by Wayne W. Oliver, Vice President, Center for Health Transformation
Originally published by the Atlanta Journal Constitution on November 4, 2011
At the Center for Health Transformation, we are working hard to create a 21st Century Intelligent Health System that can save lives and saves money for all Americans. However, it seems like every time we make a little progress, we must overcome a new challenge.
Take electronic prescribing and electronic medical records (EHRs). Both rely on cutting-edge technology to provide better healthcare for patients.
We know that e-prescribing and EHR systems are safer and more cost effective than paper prescriptions and paper health records. The state and federal governments are even creating incentives for doctors and hospitals to move away from traditional paper.
And, it is working. We are seeing more and more physicians making significant investments of time and resources as they embrace electronic systems. According to Surescripts which provides the infrastructure for e-prescribing, by the end of this year, more than half of the prescriptions issued in our nation will be issued electronically.
But just like the old saying, “One step forward, two steps back,” we are seeing challenges surface that seriously threaten the on-going movement toward electronic medicine.
One example of a barrier to e-prescribing is referred to as “prior authorization” or “prior approval” for prescription medications. Sometimes health plans require prior authorization of a drug for a clinical reason. But usually, health plans require prior authorization because of the high cost of the drug (and to steer patients toward generics) and the desire to ensure that the medication is medically necessary.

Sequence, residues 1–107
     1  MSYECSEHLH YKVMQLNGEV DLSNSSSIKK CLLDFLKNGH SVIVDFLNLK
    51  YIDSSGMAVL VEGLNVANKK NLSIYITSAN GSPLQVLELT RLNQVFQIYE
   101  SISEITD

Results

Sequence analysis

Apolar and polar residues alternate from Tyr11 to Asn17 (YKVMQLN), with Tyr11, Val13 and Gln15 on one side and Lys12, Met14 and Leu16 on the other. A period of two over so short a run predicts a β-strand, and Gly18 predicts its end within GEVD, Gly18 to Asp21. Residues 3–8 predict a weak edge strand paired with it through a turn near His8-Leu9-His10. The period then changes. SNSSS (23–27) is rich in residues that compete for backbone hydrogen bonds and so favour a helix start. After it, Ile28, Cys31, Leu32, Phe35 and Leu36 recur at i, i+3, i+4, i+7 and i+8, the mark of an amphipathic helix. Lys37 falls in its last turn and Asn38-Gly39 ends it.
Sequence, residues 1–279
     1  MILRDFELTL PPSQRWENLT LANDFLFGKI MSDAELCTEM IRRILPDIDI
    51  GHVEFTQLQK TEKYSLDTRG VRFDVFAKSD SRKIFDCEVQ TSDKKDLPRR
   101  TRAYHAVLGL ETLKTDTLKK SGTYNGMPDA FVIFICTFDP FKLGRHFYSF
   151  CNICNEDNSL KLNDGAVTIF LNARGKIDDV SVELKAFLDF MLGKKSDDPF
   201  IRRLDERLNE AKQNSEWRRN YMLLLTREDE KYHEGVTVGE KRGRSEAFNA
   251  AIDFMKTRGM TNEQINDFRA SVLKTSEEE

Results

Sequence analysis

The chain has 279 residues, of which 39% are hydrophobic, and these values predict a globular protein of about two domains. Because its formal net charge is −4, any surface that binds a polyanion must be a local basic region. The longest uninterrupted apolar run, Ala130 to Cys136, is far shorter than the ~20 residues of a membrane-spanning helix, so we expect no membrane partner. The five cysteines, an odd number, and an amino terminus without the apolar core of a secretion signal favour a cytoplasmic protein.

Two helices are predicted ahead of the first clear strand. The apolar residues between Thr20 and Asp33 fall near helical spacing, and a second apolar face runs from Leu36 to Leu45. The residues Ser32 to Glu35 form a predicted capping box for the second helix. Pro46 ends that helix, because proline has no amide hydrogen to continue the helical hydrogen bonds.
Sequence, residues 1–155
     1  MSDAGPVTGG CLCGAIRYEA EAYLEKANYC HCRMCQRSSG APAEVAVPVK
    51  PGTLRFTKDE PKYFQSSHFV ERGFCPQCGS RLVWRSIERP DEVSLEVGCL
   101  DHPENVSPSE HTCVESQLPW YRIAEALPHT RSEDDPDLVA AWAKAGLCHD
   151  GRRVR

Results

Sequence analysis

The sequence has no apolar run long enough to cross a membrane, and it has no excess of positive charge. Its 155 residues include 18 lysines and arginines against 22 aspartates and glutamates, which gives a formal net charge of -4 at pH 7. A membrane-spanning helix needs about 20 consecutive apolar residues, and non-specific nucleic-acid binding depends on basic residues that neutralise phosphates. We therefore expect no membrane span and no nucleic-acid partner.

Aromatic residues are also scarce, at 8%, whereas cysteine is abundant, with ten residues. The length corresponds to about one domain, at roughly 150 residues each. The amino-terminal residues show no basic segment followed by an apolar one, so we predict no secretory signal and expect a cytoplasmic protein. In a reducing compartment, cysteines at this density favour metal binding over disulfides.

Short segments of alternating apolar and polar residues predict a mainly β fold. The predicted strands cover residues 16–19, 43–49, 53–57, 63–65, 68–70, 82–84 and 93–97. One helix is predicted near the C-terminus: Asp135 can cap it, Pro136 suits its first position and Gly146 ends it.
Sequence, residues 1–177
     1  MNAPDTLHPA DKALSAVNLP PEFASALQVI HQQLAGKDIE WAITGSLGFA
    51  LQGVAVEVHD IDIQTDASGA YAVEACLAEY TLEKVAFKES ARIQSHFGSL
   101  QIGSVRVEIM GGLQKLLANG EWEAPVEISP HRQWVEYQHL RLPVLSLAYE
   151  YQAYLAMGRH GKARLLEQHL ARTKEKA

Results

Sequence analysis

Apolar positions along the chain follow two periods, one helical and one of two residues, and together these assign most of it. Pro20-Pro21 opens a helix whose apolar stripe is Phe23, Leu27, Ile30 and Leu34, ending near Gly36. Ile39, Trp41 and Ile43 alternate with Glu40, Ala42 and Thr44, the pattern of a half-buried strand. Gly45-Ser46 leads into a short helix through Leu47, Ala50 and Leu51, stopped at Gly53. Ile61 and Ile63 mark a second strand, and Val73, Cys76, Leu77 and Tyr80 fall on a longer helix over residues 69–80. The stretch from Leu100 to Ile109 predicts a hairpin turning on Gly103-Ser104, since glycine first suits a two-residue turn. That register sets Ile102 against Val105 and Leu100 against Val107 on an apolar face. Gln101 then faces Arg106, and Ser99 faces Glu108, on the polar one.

Virtually every prior authorization program is paper based. So, before a patient can receive a medication which requires a prior authorization, a physician must fill out a paper form by hand, fax it off to some health plan bureaucrat who either approves or rejects the request. Then, the physician and possibly the pharmacy are notified 2 to 4 days later. It is a laborious process that causes needless delay in prescription medication therapy.
Prior authorization programs are not new. They have been around for more than two decades. But prior authorization programs were conceived before e-prescribing and EHR solutions were created to help cut down on medical errors.
There are electronic solutions available. The National Council of Prescription Drug Programs (NCPDP) has created an industry-wide standard for an electronic prior authorization process. However, with new ObamaCare requirements bearing down on health plans and more and more regulations coming down every day from Washington, most health plans are focusing on other priorities. But they should abandon 20th Century prior authorization programs and adopt 21st Century electronic solutions.
As a nation, we have encouraged physicians, pharmacists and hospitals to migrate to electronic platforms, obviously something that moves us into the 21st Century. It’s now time to remove some of the barriers, hassles and challenges to a fully-integrated, electronic health system. It’s time for health plans nationwide to embrace 21st Century solutions such as electronic prior authorization programs so we can all get on with the business of saving lives and saving money.